The Association of the Covenant People is now 100 years old and one of the most important conferences in our history is now a distant memory. Considering the titles of the various messages, I have to wonder where we stand in the Great Plan of God Almighty. It’s staggering, isn’t it, to realize just how the condition of the world, particularly the Israel world, has deteriorated in the past dozen or so years. Our world was growing more troubled and wicked gradually but then in the 1990’s it picked up incredible speed.

Only a fool could miss all the signs the Lord Jesus Christ described when He told us what the world would be like just before His Return. The prophet Isaiah described it very well when he wrote, “As rain and snow from heaven fall not in vain but water earth until it yields seed for the sower, food for the hungry man, so with the promise that has passed my lips: it falls not fruitless and in vain, but works out what I will, and carries out my purpose.” (Isaiah 55: 10-11 Moffatt). The wonder of prophecy is marvelous when viewed after the fact but these words from God promise us that anything He tells us will come about. And Jesus told us in Matthew 24 what it would be like when He returned.

I’ve mentioned many times that the Apostle John was the greatest mystery writer of all time. Inspired by God, of course, he was able to take events of the time and interweave the hidden meaning that God intended to reveal when the time was right. You see examples of this throughout the entire Gospel of John, indeed, it is absolutely incredible how John’s use of parables, or, stories, give us a glimpse of what is ahead.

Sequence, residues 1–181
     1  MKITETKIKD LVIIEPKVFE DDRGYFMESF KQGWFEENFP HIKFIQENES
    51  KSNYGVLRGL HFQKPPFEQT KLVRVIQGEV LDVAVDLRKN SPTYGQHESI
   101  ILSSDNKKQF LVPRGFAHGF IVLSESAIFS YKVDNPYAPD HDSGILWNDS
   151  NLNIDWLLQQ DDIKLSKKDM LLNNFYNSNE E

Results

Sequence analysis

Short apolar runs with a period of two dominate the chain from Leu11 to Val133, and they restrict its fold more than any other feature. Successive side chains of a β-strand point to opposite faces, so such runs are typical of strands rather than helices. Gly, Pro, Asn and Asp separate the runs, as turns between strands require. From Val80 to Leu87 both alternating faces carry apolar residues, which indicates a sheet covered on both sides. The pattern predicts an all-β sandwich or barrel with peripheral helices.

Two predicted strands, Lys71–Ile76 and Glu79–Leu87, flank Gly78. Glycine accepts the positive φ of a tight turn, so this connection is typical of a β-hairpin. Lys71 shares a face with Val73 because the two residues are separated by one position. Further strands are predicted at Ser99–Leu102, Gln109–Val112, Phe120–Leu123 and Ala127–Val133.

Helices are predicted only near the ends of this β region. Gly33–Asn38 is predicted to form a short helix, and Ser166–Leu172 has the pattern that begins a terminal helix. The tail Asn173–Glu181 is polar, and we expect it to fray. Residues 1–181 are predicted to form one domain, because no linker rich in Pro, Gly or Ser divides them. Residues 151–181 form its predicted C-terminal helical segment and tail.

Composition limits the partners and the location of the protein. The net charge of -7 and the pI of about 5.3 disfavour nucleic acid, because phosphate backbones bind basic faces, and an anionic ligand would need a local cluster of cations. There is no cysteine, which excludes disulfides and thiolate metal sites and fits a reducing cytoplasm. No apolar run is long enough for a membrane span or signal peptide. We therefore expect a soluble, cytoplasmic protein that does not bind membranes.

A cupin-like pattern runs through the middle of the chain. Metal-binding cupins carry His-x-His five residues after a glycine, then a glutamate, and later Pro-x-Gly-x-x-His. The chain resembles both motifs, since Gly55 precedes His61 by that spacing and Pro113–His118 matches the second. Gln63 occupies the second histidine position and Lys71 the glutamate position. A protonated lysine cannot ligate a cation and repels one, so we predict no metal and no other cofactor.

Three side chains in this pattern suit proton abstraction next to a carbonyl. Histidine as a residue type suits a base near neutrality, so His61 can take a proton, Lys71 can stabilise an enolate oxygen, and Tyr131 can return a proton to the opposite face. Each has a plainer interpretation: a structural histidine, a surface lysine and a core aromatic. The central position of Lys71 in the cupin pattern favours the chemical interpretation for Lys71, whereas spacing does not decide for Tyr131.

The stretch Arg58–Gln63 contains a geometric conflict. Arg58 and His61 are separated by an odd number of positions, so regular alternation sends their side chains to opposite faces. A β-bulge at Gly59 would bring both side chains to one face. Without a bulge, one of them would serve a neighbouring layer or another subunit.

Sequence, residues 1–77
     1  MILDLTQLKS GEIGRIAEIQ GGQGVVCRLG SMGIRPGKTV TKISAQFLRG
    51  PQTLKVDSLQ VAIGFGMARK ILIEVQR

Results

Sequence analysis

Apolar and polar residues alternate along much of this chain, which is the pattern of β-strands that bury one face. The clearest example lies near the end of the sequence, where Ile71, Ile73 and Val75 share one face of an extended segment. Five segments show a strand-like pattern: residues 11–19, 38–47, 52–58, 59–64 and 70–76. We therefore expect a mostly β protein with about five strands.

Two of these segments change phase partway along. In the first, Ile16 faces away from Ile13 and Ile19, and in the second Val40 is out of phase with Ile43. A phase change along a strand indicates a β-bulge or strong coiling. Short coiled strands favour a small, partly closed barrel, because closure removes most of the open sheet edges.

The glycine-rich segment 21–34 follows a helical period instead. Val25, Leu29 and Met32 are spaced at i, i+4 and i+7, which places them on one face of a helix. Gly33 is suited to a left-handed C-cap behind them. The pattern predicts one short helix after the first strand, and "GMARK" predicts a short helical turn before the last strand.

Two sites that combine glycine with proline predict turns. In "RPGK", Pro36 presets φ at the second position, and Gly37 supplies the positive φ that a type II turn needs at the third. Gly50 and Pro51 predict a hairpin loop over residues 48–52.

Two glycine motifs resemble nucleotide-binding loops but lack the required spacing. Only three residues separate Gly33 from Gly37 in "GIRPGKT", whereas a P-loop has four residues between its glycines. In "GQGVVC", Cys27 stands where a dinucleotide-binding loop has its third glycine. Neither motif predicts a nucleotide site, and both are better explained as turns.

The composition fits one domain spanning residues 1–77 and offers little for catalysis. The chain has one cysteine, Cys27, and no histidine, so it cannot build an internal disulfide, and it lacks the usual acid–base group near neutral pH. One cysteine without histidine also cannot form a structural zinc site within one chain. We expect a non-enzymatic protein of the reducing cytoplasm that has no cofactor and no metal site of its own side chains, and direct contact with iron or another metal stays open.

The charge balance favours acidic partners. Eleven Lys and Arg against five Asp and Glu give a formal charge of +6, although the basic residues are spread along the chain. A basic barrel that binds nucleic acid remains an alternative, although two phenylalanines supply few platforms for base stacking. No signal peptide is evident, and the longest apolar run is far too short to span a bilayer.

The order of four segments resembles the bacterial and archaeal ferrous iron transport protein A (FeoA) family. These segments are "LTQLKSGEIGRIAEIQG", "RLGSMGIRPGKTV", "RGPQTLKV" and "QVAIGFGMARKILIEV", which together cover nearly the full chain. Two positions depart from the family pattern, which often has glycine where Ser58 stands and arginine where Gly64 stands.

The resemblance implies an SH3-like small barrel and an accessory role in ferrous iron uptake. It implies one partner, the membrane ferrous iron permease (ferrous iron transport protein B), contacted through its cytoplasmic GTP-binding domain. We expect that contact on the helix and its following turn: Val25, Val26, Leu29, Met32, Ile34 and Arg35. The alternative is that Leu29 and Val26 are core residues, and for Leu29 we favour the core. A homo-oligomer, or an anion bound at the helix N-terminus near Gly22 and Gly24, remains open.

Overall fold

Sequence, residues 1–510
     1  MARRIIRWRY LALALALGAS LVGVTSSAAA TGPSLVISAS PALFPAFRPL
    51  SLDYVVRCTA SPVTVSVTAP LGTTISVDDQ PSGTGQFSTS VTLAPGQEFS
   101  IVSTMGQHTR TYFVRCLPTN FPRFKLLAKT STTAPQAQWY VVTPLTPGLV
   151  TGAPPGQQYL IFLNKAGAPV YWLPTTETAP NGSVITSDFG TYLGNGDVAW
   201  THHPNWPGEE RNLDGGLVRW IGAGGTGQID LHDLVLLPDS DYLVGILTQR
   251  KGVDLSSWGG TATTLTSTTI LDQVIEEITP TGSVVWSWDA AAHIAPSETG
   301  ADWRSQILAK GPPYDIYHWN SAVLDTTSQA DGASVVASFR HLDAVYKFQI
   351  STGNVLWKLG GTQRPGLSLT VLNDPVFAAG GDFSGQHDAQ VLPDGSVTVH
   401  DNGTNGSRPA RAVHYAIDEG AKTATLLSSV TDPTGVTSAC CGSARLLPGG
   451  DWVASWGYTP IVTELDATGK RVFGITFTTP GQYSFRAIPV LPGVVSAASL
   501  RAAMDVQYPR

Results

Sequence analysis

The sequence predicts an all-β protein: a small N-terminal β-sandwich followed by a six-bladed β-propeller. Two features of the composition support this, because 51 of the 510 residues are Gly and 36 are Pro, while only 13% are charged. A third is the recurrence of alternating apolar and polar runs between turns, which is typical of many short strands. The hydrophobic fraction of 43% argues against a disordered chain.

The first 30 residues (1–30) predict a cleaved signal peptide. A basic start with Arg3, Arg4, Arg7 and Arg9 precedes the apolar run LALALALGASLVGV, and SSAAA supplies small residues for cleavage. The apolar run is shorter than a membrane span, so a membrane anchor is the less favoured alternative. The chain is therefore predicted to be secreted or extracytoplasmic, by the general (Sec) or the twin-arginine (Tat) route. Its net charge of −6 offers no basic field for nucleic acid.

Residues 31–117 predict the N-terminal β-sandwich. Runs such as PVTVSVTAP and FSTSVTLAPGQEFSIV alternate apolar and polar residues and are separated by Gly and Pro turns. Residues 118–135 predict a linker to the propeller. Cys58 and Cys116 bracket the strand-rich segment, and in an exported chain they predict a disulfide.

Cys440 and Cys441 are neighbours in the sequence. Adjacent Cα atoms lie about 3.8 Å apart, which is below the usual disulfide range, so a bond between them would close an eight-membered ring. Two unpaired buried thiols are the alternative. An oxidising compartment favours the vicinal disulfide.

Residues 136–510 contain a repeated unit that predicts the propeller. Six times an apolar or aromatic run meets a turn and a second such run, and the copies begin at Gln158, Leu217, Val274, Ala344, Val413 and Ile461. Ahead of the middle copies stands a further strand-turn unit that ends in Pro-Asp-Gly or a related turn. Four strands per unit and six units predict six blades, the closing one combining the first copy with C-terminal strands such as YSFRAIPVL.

A number of years ago, I was fascinated by the story of Lazarus and while it will take a more enlightened mind than mine to grasp its entire message, yet, I think something is revealed by John that throws an important slant on the Resurrection, which God promises will be a reward to the faithful.

I will not go further into the condition of the world described by Jesus but it is interesting to review Daniel 12:6-7, “……… How long shall it be to the end of these wonders ….. and when he shall have accomplished to scatter the power of the holy people, all these things shall be finished.” I suppose the question is, “Has our power been scattered?” In terms of wealth, of freedoms, of respect, etc., we don’t come close to comparing with the Anglo-Saxon world of a half-century ago. Daniel began the chapter by describing a time of trouble as never was before as a nation. Jeremiah 30:7 describes it as the time of “Jacob’s trouble” but writes that we (Israel) will be saved out of it. Putting together these and all the other pieces of the Bible that describe today’s world, dare we project that soon the Resurrection will take place? Daniel in 12:13 was told, “Go and wait for the end; you shall rest in the grave and then rise to enjoy your share at the end of the days. [Moffatt]

Actually, Daniel describes two time frames, these being the time of the end (or end times (12:4) and the end of these wonders (marked by the scattering of power). This man in the midst of the waters, believed by scholars to be the pre-incarnate Son of God, has His arms pointed in opposite directions signifying a time frame of 2,520 years, 1260 both backward and forward. Many scholars have suggested that the 2,520 years expired in 1918, thus ushering in the “end times.” I believe this is so and further, that the time between 1918 and the “end of these wonders” witnessed the main part of the falling away prophesied by the Apostle Paul, (2 Thessalonians 2:3) the beginning of the Esau Dominion, (Genesis 27:40) the rape of our wealth, the scattering of our power and on and on.